Perhaps you’ve never experienced the ultimate about face that comes from surrendering to Christ as your Lord and Savior. God is our Creator. He created us and He created our world. As Creator, He has the right to set the rules, and the consequences. We have broken His rules, each one of us. The Bible calls that sin, and none of us are without sin. The Bible also tells us that the wages–the consequences–of sin are death. Our sin separates us from God and from others. But the beauty of the gospel is that God has made a way for us to have fellowship–unhindered intimacy–with Him. Jesus, God’s sinless Son, came to earth to cleanse us from all unrighteousness and reconcile us to the Father. Jesus came down to earth in the form of a man, took our sins upon Himself, and died the death you and I deserved. In Jesus, God’s justice was satisfied, and His mercy revealed. Because of Jesus’ death and resurrection, if you confess your sins and turn from them, and trust in Jesus as your Lord and Savior, promising to honor and obey Him to the best of your ability, you will be given new life. You will be granted the ultimate do over!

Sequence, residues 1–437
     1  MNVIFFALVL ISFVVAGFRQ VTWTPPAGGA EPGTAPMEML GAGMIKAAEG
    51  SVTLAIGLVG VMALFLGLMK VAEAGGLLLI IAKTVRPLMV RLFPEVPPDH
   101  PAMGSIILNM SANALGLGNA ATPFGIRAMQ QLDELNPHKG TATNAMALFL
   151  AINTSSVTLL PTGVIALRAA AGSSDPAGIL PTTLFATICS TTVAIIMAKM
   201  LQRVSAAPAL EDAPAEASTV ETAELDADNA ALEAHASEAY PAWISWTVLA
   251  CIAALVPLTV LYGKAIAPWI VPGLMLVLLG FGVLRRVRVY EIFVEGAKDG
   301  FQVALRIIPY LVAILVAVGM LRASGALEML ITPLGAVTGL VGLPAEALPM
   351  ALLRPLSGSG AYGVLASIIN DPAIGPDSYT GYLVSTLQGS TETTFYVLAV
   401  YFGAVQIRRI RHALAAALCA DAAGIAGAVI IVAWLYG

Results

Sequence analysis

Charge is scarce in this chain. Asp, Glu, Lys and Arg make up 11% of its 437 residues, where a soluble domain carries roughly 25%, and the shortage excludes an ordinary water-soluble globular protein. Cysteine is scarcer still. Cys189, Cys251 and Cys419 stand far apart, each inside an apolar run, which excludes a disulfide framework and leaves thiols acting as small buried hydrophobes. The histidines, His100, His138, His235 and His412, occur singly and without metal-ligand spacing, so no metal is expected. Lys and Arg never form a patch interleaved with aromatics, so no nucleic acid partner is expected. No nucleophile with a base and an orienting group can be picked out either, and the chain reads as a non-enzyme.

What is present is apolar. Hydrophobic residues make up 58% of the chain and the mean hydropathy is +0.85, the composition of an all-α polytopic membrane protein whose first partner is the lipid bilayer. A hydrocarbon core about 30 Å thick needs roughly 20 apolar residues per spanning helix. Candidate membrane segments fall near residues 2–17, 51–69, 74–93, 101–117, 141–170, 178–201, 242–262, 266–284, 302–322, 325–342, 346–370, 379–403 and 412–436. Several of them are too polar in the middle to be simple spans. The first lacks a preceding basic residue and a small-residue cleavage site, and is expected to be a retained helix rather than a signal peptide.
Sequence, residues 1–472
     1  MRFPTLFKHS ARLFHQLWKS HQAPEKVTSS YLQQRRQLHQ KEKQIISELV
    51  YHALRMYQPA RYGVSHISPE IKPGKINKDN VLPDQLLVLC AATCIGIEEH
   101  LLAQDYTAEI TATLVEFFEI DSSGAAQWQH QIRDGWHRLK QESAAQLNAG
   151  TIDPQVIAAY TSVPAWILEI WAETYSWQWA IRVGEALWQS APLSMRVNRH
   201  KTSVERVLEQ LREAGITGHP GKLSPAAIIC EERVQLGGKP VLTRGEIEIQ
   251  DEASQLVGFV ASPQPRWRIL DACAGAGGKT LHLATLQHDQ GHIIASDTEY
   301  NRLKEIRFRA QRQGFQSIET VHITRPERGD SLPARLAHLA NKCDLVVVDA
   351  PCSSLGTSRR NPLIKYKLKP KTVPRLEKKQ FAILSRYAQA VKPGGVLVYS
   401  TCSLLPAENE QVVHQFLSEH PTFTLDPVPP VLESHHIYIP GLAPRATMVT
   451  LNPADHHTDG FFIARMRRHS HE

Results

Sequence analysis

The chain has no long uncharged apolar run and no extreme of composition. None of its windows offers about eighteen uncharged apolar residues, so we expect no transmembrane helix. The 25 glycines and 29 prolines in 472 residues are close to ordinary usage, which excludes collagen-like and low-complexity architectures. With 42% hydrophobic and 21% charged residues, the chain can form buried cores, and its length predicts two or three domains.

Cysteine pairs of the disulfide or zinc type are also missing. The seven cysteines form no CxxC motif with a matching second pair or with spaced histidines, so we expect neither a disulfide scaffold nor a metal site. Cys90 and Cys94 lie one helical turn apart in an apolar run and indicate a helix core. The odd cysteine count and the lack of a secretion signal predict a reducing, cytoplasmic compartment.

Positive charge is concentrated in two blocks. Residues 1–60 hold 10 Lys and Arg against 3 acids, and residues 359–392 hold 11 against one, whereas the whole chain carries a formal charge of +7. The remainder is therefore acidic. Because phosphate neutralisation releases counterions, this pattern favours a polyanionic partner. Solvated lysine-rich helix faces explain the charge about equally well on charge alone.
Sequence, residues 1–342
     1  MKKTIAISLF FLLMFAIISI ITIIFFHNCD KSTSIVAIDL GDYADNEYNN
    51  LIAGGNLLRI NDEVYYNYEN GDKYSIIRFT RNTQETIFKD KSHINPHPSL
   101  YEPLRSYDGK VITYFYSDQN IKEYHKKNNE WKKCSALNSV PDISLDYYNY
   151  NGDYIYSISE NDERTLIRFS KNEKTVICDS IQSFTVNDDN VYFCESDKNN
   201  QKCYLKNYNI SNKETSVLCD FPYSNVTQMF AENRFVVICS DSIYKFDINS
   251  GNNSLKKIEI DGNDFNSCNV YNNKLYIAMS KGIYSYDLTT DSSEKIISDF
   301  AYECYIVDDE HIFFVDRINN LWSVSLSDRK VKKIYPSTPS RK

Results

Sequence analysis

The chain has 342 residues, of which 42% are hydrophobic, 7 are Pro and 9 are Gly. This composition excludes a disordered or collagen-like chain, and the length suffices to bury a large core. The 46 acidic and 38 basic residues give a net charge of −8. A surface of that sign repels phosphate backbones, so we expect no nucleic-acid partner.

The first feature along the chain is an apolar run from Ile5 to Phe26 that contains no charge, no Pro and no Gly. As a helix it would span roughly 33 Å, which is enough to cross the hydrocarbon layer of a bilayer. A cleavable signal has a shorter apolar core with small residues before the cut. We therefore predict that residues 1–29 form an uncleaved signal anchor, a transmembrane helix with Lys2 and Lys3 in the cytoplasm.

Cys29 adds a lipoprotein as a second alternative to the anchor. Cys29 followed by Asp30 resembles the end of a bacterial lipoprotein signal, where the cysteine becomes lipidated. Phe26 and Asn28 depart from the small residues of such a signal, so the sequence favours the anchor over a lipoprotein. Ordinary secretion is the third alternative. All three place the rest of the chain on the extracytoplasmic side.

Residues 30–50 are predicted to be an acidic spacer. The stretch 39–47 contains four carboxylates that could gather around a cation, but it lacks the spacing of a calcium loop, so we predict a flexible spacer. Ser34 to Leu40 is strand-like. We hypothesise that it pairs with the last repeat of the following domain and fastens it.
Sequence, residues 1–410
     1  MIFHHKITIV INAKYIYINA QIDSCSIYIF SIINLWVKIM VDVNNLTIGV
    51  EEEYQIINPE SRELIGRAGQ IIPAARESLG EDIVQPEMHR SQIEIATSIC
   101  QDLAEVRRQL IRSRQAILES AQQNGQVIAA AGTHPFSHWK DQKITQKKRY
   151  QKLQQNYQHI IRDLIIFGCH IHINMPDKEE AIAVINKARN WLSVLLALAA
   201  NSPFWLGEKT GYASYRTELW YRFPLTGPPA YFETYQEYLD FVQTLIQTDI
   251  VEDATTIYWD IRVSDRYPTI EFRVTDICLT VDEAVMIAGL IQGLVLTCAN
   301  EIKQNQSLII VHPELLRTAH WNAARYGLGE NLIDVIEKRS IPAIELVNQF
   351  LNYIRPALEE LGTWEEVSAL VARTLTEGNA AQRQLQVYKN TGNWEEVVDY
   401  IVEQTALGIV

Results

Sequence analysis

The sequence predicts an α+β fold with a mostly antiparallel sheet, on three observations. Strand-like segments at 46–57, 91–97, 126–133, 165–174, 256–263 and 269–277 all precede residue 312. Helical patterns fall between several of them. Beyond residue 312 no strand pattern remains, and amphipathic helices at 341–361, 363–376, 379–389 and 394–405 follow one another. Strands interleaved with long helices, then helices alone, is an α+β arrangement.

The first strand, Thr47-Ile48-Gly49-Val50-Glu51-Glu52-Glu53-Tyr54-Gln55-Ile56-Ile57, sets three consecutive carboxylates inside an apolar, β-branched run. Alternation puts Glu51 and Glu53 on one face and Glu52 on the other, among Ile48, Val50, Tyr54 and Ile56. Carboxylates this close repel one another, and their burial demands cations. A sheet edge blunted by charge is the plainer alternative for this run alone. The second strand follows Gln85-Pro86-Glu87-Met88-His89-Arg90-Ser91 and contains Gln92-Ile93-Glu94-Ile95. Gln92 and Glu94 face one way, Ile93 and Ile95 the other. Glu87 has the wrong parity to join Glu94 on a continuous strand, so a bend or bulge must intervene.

If you have never experienced this new life and would like to learn more about it, or perhaps would like to pray with someone, feel free to email me and we can arrange a time to talk. (Don’t worry, I’ve got free long distance. grin.) My email address is jenniferaslattery@gmail.com

Loved this video, and their explanation of the gospel. Please don’t misunderstand my post. I am not advocating self-made righteousness. I am encouraging surrendered obedience. They explain it soooooo much better! (And love, love, love the song! You’ve been remade and today is a new day!)